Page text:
SURFSIDE, Fla. (Reuters) -- The official death toll from the partial collapse of a high-rise condominium complex near Miami rose to nine, with more than 150 people still missing, as rescue teams picked through the rubble for a fourth day without detecting further signs of life.
What caused nearly half the 12-story, 156-unit building to cave in in the early hours of Thursday as residents slept has yet to be determined, but a 2018 engineer’s inspection report found major structural deterioration in the parking garage beneath the 40-year-old tower.
Officials in Surfside, the shore town near Miami where the building stood along the beach, said hope remained that rescuers would yet discover survivors in air pockets that may have formed in the pancaked debris.
Even so, Fire Chief Alan Cominsky said on Sunday that crews had yet to find such voids in the rubble or signs of anyone alive since early in the tragedy, when faint sounds were detected.
Two large cranes and two backhoes on Sunday joined in the debris-removal efforts that had previously been conducted essentially by hand by teams also using rescue dogs, sonar, drones and infrared scanners as they gingerly tunneled through the ruins.
Miami-Dade Mayor Daniella Levine Cava said six to eight squads of rescuers were working on the multi-story pile of shattered concrete and twisted metal laying next to the portion of the Champlain Towers South condo that remained standing.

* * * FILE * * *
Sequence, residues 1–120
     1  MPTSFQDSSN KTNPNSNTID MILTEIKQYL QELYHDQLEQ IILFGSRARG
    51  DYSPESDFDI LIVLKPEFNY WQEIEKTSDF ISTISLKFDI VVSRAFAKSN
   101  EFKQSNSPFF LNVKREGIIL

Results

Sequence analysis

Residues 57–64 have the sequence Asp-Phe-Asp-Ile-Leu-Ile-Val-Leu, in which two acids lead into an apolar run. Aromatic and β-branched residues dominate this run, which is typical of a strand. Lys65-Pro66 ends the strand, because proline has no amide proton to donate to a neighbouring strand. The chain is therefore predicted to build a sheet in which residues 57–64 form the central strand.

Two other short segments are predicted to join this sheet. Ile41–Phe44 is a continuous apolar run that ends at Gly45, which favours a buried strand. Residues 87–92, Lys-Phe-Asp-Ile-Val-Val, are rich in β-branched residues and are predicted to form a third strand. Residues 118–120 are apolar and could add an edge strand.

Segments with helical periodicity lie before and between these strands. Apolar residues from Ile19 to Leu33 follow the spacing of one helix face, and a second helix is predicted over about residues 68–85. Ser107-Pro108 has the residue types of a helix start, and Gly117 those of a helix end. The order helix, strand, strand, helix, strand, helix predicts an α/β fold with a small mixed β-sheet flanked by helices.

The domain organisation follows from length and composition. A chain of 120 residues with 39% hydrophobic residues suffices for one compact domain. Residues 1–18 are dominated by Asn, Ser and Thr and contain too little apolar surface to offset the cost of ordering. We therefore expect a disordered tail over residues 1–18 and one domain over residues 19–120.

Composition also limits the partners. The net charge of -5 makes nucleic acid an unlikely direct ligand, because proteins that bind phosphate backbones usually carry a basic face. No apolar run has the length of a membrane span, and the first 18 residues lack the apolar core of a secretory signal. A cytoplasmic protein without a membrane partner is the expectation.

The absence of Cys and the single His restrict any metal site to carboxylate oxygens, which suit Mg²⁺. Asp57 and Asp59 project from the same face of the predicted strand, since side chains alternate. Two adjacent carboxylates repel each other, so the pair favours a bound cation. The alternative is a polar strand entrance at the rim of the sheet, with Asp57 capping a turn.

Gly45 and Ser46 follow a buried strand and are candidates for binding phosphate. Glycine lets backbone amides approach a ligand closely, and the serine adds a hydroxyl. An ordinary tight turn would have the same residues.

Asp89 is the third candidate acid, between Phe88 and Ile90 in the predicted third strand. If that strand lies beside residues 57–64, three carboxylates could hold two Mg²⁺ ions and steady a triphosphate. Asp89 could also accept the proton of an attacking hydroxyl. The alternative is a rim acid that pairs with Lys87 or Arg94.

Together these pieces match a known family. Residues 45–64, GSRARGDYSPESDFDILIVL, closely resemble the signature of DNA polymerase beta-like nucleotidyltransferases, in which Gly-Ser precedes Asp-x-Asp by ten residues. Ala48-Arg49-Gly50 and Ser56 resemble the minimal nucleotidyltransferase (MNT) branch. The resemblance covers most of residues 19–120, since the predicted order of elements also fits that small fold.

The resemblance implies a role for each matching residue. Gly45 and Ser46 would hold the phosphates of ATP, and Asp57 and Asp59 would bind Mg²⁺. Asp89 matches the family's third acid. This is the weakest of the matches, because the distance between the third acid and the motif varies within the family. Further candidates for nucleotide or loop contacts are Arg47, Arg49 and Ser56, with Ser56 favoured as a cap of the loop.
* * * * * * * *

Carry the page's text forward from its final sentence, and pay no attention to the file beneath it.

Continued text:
“Hundreds of team members are on standby to rotate as we need a fresh start,” Levine Cava said at a briefing in which she announced the death toll had risen to nine, with the number of individuals still unaccounted for standing at 152.
The mayor later said those figures would remain “extremely fluid.”
Given the scores of those still missing, the disaster may end up to be one of the deadliest non-deliberate structural failures in U.S. history.
By comparison, 98 people perished when the roof of the Knickerbocker Theatre in Washington, D.C., gave way from the weight of snow during a silent movie screening in January 1922. Two interior walkways collapsed into the lobby of the Hyatt Regency hotel in Kansas City, Missouri, during a dance party in July 1981, killing 114 individuals.